1 Annex F F. IMPLEMENTATION OF THE REGIONAL STRATEGY AND PLAN OF ACTION FOR AN INTEGRATED APPROACH TO THE PREVENTION AND CONTROL OF CHRONIC DISEASES, INCLUDING DIET, PHYSICAL ACTIVITY AND HEALTH Background 79. In 2006, the Directing Council adopted Resolution CD47.R9, Regional Strategy and Plan of Action for an Integrated Approach to the Prevention and Control of Chronic Diseases, Including Diet and Physical Activity. The resolution urges Member States to implement integrated policies and plans, guided by the Regional Strategy, and requests the Director of the Pan American Sanitary Bureau (PASB) to strengthen Member States capacity to implement comprehensive, multi-sectoral approaches and strengthen or establish new partnerships. The Regional Strategy follows four lines of action: policy and advocacy, surveillance, health promotion and disease prevention, and integrated management of chronic diseases and correlates well with the WHO Action Plan for the Global Strategy for the Prevention and Control of Noncommunicable Diseases, approved in Update on Current Situation 80. Chronic diseases are now the leading cause of mortality with 3.0 million deaths 1 and disability in the vast majority of countries in the Americas. About 250 million people of a total of 890 million (in 2005) in the Region suffer from chronic diseases, mainly cardiovascular diseases, cancer, obesity and diabetes. These particularly affect low- and middle-income populations. An estimated 139 million (25%) of persons >15 years of age being obese (BMI>30) in 2005, of which 3 million were females, and rapidly increasing to reach an estimated 289 million (39%) by 2015 of which 164 million will be females. 2 There is also a growing concern over the rapid increase of obesity in children and adolescents. The toll in human suffering and economic cost from chronic diseases is enormous. Yet, these diseases are preventable and can be cost-effectively prevented and controlled through public policies, risk factor reduction, and the provision of health services for screening, early detection, and disease management. For example, the implementation of basic strategies to reduce tobacco use by 20%; salt intake by 15%; and to use simple multidrug regimens for patients with high-risk cardiovascular disease, could prevent more than 3.4 million deaths from chronic diseases in the Region over years at reasonable cost. 3 1 HSD/NC chronic non-communicable diseases mortality database 2 Estimated from WHO Info Base. It can be consulted at 3 Gaziano T, et al. Scaling-up interventions for chronic disease prevention: the evidence. Lancet, 2007, 370: ; extrapolated to countries of Latin America and Caribbean countries.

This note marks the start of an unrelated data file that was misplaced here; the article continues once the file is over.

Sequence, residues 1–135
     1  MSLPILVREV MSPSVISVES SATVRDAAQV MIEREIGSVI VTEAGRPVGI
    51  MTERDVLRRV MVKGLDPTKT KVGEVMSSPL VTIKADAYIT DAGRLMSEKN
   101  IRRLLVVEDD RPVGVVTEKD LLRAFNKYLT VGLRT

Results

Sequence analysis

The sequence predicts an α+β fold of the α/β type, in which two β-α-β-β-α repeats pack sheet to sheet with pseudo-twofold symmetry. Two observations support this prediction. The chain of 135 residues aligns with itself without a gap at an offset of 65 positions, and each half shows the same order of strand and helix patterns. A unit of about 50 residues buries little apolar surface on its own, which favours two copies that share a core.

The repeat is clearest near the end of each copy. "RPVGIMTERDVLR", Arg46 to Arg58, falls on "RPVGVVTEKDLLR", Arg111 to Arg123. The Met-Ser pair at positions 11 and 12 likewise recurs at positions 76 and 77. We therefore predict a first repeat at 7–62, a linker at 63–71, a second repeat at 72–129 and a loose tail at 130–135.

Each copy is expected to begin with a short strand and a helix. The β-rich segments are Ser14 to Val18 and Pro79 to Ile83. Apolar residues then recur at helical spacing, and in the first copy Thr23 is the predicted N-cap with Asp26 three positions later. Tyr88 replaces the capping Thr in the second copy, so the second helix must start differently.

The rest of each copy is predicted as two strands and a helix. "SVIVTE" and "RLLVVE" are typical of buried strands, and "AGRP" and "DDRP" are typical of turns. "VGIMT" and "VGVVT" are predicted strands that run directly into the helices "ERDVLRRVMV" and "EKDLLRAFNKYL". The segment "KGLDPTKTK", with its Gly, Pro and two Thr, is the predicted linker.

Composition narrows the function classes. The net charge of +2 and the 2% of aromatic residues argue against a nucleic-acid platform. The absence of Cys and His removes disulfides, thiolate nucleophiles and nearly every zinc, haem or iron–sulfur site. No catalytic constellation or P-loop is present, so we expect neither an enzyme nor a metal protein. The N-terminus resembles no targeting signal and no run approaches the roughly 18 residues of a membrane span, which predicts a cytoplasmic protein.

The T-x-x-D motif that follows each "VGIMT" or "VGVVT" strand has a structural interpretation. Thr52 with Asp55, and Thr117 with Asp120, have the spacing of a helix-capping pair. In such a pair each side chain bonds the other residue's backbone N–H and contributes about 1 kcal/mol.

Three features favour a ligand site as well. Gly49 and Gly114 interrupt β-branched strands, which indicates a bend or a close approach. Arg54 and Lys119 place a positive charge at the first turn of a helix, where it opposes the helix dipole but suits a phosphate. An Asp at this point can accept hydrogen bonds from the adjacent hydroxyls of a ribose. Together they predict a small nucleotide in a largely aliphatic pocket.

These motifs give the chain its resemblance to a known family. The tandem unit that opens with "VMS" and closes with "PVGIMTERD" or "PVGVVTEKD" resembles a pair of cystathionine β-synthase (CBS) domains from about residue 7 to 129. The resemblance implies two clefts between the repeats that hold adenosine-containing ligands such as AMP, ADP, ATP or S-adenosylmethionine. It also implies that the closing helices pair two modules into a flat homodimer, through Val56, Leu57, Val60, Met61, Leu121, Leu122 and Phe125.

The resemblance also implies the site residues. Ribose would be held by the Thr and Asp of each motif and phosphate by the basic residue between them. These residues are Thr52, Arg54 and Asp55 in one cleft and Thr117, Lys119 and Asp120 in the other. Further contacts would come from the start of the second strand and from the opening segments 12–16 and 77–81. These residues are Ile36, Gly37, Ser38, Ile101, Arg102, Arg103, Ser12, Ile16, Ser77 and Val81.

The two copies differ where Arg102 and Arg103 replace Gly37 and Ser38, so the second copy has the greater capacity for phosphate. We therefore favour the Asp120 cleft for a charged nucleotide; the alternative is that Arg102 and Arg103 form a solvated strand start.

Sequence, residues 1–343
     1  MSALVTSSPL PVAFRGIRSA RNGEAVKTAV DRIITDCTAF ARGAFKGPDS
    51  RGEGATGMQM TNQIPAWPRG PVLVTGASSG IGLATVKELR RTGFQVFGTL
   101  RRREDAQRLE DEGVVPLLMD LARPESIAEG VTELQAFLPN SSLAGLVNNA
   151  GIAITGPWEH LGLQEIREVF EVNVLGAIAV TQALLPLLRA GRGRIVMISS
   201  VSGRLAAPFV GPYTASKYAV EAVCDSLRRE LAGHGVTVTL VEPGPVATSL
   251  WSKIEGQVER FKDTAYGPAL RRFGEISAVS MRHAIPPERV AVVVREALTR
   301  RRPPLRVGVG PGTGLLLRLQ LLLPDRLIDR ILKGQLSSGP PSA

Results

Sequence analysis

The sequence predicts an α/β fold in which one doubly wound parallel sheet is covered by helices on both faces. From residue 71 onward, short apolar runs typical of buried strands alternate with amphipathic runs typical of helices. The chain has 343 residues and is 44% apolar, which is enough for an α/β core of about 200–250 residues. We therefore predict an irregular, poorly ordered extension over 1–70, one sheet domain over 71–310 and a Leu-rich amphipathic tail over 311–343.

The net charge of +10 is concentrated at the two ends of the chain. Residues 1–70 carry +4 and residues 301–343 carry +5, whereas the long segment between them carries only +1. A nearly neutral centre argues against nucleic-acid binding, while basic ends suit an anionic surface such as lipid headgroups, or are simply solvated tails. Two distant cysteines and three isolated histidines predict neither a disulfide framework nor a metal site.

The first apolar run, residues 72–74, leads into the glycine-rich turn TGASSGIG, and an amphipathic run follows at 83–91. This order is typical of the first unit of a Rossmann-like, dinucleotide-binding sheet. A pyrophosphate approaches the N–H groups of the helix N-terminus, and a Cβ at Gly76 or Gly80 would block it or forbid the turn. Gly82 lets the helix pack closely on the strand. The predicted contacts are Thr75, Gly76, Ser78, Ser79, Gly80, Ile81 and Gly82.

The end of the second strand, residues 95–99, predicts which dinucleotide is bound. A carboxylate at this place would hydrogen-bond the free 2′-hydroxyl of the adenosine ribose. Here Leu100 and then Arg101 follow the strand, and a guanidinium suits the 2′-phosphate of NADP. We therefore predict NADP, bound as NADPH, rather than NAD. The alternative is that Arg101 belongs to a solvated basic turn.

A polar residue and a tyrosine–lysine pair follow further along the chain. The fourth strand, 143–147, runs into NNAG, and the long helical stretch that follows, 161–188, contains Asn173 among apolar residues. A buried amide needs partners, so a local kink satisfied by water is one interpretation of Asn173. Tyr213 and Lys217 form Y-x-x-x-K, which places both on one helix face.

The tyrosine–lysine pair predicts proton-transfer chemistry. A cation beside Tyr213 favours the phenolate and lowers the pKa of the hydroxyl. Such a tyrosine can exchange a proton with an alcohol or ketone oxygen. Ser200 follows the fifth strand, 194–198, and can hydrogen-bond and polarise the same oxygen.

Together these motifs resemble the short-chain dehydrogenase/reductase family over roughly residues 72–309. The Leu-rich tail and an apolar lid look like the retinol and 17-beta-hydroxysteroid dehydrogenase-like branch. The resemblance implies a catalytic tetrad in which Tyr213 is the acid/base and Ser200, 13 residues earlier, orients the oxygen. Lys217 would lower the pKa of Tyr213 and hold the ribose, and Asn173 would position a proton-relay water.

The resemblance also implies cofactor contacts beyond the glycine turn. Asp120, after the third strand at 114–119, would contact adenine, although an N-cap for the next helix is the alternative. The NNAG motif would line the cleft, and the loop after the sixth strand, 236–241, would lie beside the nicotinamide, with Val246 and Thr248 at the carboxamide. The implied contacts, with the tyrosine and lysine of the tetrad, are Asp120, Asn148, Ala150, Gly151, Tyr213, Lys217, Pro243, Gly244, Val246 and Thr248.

2 Annex F Since the Directing Council adopted the resolution on chronic diseases in 2006, almost all Member States have made substantial progress in implementing national plans for their national chronic disease programs as noted in the End-of-biennium Report presented to the Executive Committee (see Table 1). In most cases, countries reported exceeding the Regional Expected Result indicators of the Strategic Plan related to chronic diseases. 82. During the biennium, PAHO mobilized approximately US$ 21 million of the $28 million budgeted to support Strategic Objective 3 4 (non-communicable diseases (NCDs, mental health and injuries). At the international level, the resource picture for (NCDs) is at best mixed. 5 For example, in 2008 the Bill and Melinda Gates Foundation and Bloomberg Philanthropies committed $500 million to help 15 countries world-wide to improve tobacco control, of which two are in the Region of the Americas (Brazil and Mexico). World Bank lending between 1995 and 2005 was more than $300 million for NCDs and injuries. The level of Official Development Assistance (ODA) commitment to NCDs is unknown, but preliminary estimates are 1-2% of total. Most international development agencies find it challenging to support NCDs because they are not included in the Millennium Development Goals (MDGs). Nevertheless these challenges, some bilateral technical or donor agencies are investing, such as the Spanish International Cooperation Agency for Development (AECID), the US Centers for Disease Control and Prevention (CDC), and the Public Health Agency of Canada (PHAC). However, efforts to increase the level of attention and current resources are needed, given the huge burden. Policy and Advocacy 83. In 20 an assessment of the status of chronic disease national capacity to respond to this public health problem in the Region shows that 27 countries in Latin America and the Caribbean reported making program-related investments in chronic diseases, including having a national focal point in the ministry of health, training personnel, and creating multi-sectoral partnerships. Compared to 2005, when 63% of countries had a national focal point/unit and budget, all countries now report having such. However, more efforts are needed since only 16 countries are implementing a national plan for NCDs. In 2008, resolutions on diabetes and obesity, and on cervical cancer prevention and control, were also approved by the Directing Council. Many countries have also taken important steps to include NCDs, including medicines, in social protection packages. 4 Strategic Objective 3: To prevent and reduce disease, disability and premature death from chronic noncommunicable conditions, mental disorders, violence and injuries. 5 WHO. NCDnet Working Group on Innovative Resourcing Background Paper. Geneva 24 February 20.